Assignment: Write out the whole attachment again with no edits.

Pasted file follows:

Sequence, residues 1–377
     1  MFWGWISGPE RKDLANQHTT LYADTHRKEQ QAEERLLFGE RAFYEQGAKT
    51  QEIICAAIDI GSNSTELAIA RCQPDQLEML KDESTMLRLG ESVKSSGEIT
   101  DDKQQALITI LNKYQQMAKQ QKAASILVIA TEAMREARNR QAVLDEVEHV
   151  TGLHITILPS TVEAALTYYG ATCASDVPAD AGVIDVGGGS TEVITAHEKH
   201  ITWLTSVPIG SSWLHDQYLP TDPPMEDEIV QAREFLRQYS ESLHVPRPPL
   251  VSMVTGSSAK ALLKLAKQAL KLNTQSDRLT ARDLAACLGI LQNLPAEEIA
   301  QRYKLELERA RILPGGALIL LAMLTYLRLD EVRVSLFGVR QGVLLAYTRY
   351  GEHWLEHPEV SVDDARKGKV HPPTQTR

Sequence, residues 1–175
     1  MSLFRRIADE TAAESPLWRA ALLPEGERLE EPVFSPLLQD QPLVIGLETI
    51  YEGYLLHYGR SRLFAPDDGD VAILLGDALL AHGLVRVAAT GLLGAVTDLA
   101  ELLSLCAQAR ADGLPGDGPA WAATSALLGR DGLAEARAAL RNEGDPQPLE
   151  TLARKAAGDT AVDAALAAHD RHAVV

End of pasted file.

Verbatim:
Sequence, residues 1–377
     1  MFWGWISGPE RKDLANQHTT LYADTHRKEQ QAEERLLFGE RAFYEQGAKT
    51  QEIICAAIDI GSNSTELAIA RCQPDQLEML KDESTMLRLG ESVKSSGEIT
   101  DDKQQALITI LNKYQQMAKQ QKAASILVIA TEAMREARNR QAVLDEVEHV
   151  TGLHITILPS TVEAALTYYG ATCASDVPAD AGVIDVGGGS TEVITAHEKH
   201  ITWLTSVPIG SSWLHDQYLP TDPPMEDEIV QAREFLRQYS ESLHVPRPPL
   251  VSMVTGSSAK ALLKLAKQAL KLNTQSDRLT ARDLAACLGI LQNLPAEEIA
   301  QRYKLELERA RILPGGALIL LAMLTYLRLD EVRVSLFGVR QGVLLAYTRY
   351  GEHWLEHPEV SVDDARKGKV HPPTQTR

Sequence, residues 1–175
     1  MSLFRRIADE TAAESPLWRA ALLPEGERLE EPVFSPLLQD QPLVIGLETI
    51  YEGYLLHYGR SRLFAPDDGD VAILLGDALL AHGLVRVAAT GLLGAVTDLA
   101  ELLSLCAQAR ADGLPGDGPA WAATSALLGR DGLAEARAAL RNEGDPQPLE
   151  TLARKAAGDT AVDAALAAHD RHAVV